- What is a Domain Name System (DNS) Service?
- What is Amazon Route 53?
- What can I do with Amazon Route 53?
- How do I get started with Amazon Route 53?
- How does Amazon Route 53 provide high availability and low latency?
- What are the DNS server names for the Amazon Route 53 service?
- How do I transfer my existing domain name registration to Amazon Route 53 without disrupting my existing web traffic?
- Which DNS record types does Amazon Route 53 support?
- Does Amazon Route 53 support wildcard entries? If so, what record types support them?
- Does Amazon Route 53 support Weighted Round Robin (WRR)?
- Can I point my zone apex (example.com versus www.example.com) at my Elastic Load Balancer?
- Can I point my zone apex (example.com versus www.example.com) at my website hosted on Amazon S3?
- Can I point my zone apex (example.com versus www.example.com) at my Amazon CloudFront distribution?
- Can I point my zone apex (example.com versus www.example.com) at my AWS Elastic Beanstalk environment?
- Can I use 'Alias' records with sub-domains?
- Does Amazon Route 53 support DNSSEC?
- Does Amazon Route 53 also provide website hosting?
- How can I use Amazon Route 53 with Amazon Simple Storage Service (Amazon S3) and Amazon CloudFront?
- How quickly will changes I make to my DNS settings on Amazon Route 53 propagate globally?
- Does Amazon Route 53 use an anycast network?
- What is the default TTL for the various record types and can I change these values?
- What is the difference between a Domain and a Hosted Zone?
- Are changes to resource records sets transactional?
- Can I see a history of my changes and other operations on my Route 53 resources?
- Can I use AWS CloudTrail logs to roll back changes to my hosted zones?
- What is the price of Amazon Route 53?
- Can I register domain names with Amazon Route 53?
- What types of access controls can I set for the management of my Domains on Amazon Route 53?
- Can I create multiple hosted zones for the same domain name?
- Is there a limit to the number of hosted zones I can manage using Amazon Route 53?
- Does Amazon Route 53 support IPv6?
- Can I associate multiple IP addresses with a single record?
- Can I use Amazon Route 53 to manage my organization’s private IP addresses?
- What is Private DNS?
- How do I set up Private DNS?
- Do I need connectivity to the outside Internet in order to use Private DNS?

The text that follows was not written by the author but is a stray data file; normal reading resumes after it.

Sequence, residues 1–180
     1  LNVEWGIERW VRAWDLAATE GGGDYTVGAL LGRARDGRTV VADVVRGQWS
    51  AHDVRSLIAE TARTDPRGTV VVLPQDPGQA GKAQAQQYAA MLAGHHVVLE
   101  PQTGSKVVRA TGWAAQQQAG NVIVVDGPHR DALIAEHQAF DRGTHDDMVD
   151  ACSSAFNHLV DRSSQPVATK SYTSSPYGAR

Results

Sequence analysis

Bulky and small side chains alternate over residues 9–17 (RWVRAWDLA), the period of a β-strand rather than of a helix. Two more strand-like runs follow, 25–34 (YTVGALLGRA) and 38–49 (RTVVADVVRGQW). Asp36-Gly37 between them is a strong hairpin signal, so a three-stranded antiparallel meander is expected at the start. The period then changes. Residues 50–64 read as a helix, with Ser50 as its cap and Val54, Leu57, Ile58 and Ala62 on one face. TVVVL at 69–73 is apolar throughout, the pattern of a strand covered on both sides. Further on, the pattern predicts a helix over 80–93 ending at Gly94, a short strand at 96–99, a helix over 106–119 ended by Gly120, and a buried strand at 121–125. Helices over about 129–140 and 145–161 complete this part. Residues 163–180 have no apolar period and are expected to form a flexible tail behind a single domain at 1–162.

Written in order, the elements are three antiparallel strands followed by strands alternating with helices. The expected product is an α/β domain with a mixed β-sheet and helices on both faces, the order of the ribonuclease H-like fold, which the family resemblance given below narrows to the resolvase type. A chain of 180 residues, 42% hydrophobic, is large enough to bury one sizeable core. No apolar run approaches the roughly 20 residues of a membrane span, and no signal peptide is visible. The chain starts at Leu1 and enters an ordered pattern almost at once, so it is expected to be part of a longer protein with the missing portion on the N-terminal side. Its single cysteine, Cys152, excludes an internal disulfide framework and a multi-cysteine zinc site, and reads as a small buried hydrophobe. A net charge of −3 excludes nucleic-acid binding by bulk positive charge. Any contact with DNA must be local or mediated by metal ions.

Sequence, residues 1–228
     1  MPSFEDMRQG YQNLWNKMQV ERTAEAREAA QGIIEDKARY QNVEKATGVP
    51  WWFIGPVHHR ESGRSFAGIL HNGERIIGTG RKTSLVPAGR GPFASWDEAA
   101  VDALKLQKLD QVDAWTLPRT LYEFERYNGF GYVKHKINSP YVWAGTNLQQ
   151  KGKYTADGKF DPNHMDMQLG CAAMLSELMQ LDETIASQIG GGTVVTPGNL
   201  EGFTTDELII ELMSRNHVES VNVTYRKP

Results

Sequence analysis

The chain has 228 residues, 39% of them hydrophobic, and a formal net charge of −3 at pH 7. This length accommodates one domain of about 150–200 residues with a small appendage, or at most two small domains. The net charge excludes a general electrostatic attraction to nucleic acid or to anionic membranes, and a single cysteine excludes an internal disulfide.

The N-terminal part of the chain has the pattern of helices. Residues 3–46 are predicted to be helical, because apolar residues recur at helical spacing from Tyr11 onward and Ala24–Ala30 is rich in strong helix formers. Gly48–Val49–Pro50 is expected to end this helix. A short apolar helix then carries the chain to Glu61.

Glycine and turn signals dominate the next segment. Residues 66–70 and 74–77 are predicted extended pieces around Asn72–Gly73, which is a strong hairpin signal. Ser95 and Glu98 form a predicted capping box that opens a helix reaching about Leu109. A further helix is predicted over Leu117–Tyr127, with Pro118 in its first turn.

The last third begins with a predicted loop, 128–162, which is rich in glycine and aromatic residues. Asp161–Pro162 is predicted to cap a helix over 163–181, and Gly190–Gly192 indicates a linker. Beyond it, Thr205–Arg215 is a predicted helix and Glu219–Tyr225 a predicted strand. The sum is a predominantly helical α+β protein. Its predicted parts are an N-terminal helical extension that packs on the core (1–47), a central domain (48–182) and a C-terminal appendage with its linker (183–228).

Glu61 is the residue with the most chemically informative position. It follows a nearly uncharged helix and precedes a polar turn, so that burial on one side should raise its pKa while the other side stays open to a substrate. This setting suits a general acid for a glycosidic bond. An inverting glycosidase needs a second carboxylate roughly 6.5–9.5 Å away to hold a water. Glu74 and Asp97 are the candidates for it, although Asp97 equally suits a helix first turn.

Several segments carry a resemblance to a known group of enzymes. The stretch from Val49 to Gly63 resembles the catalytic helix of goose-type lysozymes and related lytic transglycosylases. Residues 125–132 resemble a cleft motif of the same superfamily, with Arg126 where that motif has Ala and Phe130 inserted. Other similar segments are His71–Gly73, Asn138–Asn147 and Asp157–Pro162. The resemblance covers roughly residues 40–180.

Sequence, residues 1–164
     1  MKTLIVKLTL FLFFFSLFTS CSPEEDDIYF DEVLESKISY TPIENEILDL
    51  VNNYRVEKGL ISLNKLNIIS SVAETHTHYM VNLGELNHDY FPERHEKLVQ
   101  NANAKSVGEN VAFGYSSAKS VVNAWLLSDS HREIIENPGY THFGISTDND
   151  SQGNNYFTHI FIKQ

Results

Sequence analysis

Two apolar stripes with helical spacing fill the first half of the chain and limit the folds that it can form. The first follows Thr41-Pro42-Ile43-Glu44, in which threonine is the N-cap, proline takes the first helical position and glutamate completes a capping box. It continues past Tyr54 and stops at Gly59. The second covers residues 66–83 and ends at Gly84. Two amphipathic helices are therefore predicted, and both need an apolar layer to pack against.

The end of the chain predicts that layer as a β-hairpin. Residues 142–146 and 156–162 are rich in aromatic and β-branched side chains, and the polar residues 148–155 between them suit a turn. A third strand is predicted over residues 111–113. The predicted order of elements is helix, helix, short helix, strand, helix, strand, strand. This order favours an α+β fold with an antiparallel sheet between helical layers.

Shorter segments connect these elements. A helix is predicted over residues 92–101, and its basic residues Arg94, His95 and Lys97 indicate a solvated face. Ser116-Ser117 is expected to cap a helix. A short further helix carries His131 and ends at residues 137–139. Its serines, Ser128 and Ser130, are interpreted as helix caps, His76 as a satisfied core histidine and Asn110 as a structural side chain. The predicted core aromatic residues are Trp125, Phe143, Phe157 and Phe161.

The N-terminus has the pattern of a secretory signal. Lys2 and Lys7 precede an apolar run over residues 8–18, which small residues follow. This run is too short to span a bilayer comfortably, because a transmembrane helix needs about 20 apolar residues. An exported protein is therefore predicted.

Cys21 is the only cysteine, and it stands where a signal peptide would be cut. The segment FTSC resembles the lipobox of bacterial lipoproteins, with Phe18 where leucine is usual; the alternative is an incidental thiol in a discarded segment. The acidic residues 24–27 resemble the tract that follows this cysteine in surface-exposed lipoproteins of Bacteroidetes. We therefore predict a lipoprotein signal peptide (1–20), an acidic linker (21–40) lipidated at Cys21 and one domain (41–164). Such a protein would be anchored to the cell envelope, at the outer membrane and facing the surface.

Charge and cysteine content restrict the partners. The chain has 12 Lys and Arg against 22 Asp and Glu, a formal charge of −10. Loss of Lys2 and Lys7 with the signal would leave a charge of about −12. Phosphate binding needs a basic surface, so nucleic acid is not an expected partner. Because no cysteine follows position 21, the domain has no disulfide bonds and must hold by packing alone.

- Can I still use Private DNS if I’m not using VPC?
- Can I use the same private Route 53 hosted zone for multiple VPCs?
- Will Private DNS work across AWS regions?
- Can I configure DNS Failover for Private DNS hosted zones?
- Can I use Private DNS to block domains and DNS names that I don’t want to be reached from within my VPC?
- I have subscribed for Amazon Route 53 but when I try to use the service it says "The AWS Access Key ID needs a subscription for the service"
- What is Amazon Route 53’s Latency Based Routing (LBR) feature?
- How do I get started using Amazon Route 53’s latency Based Routing (LBR) feature?
- What is the price for Amazon Route 53's Latency Based Routing (LBR) feature?
- What is Amazon Route 53’s Geo DNS feature?
- How do I get started using Amazon Route 53’s Geo DNS feature?
- When using Geo DNS, do I need to have a “global” record? When would Route 53 return this record?
- Can I have a Geo DNS record for a continent and different Geo DNS records for countries within that continent? Or a Geo DNS record for a country and different Geo DNS records for states within that country?
- What is the price for Route 53's Geo DNS feature?
- What are the differences between Latency Based Routing and Geo DNS?
- Does Amazon Route 53 offer a Service Level Agreement (SLA)?
- What is DNS Failover?
- How do I get started with DNS Failover?
- Does DNS Failover support Elastic Load Balancers (ELBs) as endpoints?
- Can I configure a backup site only to be used when a health check fails?
- What DNS record types can I associate with Route 53 health checks?
- Can I health check an endpoint if I don’t know its IP address?
- One of my endpoints is outside AWS. Can I set up DNS Failover on this endpoint?
- If failover occurs and I have multiple healthy endpoints remaining, will Route 53 consider the load on my healthy endpoints when determining where to send traffic from the failed endpoint?
- How many consecutive health check observations does an endpoint need to fail to be considered “failed”?
- When my failed endpoint becomes healthy again, how is the DNS failover reversed?
- What is the interval between health check observations?
- How much load should I expect a health check to generate on my endpoint (for example, a web server)?
- Do Route 53 health checks follow HTTP redirects?
- What is the sequence of events when failover happens?
- Do I need to adjust the TTL for my records in order to use DNS Failover?
- What happens if all of my endpoints are unhealthy?
- Can I use DNS Failover without using Latency Based Routing (LBR)?
- Can I configure a health check on a site accessible only via HTTPS?
- Do HTTPS health checks validate the endpoint’s SSL certificate?
- Do HTTPS health checks support Server Name Indication (SNI)?
- How can I use health checks to verify that my web server is returning the correct content?
- How do I see the status of a health check that I’ve created?
- How can I measure the performance of my application’s endpoints using Amazon Route 53?
- How can I be notified if one of my endpoints starts failing its health check?
- I created an alarm for my health check, but I need to re-send the confirmation email for the alarm's SNS topic. How can I re-send this email?
- I’m using DNS Failover with Elastic Load Balancers (ELBs) as endpoints. How can I see the status of these endpoints?